Oscar-exposed Hershey School has sweet deals for new students, hires
The Milton Hershey School ad during the Oscars on Sunday night melted the heart faster than Hershey's "Great American Chocolate Bar" campaign.
Underprivileged students enthused how how their lives were changed by the Hershey-subsidized Pre-K-to-12 boarding school, which had operated under the philanthropic radar for 100 years. Call the commercial a 30-second, $1.5 million air-time marketing and public service kiss.
WalletPop figured as long as Hershey is getting the word out, let's find out what might be in it for you. The school is accepting admission applications at its Web site, spokeswoman Connie McNamara told WalletPop on Monday.
The biggest enrollment periods are August, September and January. For your child to qualify, your income will likely have to fall under the poverty line (around $16,000 for a family of four, according to McNamara) and the candidate cannot have been jailed or "been in trouble with the law," she said.
About 400 students are admitted each year. The school values the tuition at a no-cost-to-you $76,000 a year, because it includes housing, meals, healthcare, clothing and practically every other cost of daily life.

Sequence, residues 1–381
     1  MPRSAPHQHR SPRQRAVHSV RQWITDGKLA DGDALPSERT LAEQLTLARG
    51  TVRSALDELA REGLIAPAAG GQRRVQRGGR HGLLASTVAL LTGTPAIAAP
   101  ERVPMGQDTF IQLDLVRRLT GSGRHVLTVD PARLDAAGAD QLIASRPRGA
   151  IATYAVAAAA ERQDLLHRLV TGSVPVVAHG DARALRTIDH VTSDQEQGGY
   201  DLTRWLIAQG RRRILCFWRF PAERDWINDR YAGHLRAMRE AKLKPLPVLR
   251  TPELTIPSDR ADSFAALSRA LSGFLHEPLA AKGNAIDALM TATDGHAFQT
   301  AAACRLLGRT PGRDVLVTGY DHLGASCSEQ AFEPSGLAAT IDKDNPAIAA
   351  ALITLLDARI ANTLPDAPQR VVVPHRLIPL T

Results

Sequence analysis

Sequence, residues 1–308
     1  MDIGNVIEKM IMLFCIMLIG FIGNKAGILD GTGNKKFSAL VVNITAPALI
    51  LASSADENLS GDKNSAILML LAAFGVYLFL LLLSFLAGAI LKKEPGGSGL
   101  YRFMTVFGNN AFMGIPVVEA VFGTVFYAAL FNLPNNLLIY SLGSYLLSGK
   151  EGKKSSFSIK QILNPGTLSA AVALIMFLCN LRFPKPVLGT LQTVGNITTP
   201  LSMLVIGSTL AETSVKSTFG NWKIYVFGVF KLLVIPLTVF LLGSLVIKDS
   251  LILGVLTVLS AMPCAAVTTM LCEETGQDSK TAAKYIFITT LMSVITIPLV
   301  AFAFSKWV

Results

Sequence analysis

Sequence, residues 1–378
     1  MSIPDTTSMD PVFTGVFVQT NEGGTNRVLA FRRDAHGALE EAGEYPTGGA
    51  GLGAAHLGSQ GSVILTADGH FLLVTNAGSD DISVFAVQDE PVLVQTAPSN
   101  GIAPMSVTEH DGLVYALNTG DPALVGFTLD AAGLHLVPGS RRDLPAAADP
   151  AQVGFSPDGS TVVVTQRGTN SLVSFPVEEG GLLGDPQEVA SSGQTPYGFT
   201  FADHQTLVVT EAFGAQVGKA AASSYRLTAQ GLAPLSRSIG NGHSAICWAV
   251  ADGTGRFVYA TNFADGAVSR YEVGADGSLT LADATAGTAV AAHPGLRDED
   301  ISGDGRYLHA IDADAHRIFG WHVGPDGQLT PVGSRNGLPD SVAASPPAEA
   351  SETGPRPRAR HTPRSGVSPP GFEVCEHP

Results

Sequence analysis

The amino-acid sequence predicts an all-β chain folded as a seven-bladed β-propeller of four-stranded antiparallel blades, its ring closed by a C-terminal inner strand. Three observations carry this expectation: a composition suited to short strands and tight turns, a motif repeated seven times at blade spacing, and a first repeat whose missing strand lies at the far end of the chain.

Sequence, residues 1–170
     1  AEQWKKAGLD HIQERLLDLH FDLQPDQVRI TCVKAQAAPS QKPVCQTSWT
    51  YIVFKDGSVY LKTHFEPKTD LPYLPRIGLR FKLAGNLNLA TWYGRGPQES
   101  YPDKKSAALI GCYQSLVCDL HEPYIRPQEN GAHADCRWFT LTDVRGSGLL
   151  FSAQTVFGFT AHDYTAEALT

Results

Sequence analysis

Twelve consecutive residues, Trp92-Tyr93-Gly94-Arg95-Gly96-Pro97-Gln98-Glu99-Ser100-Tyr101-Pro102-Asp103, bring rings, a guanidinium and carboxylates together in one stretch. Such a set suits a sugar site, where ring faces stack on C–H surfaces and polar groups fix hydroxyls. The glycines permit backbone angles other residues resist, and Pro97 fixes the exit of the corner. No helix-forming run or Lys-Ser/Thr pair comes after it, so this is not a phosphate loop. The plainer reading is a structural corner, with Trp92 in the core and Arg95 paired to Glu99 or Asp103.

Grownups can find work at the Hershey, Pa., campus. The school is looking for house-parents to watch over households between eight and 12 students. That means cooking the meals, helping with homework, and providing a shoulder to cry on. This is a full-time job that operates outside of the foster system, McNamara said.
Housing is provided along with a separate apartment for the parents. Food and utilities are covered. The salary begins at $29,739 and climbs to $35,748 at seven years. The Web site mentioned that the caregivers be married.
Hershey founder Milton Hershey began the school in 1909 for orphan boys, but the school later opened to both genders who have financial and social need. The school had received minor publicity from "Living the Legacy: The Untold Story of Milton Hershey School," a 2009 IFC/Sundance documentary, but nothing like this. Tens of millions watch the Oscar telecast annually. Hershey plans to air a longer version later.
"We want to spread the story of the school," McNamara said, "and also the legacy of Mr. Hershey and this incredible thing he set in motion. People should know about it. This is something that has been going on for 100 years. It's not new or trendy. It's not a fad. Our kids are amazing and resilient. They have faced obstacles and overcome them."
WalletPop had to ask: Do they get chocolate?
McNamara replied: "In moderation."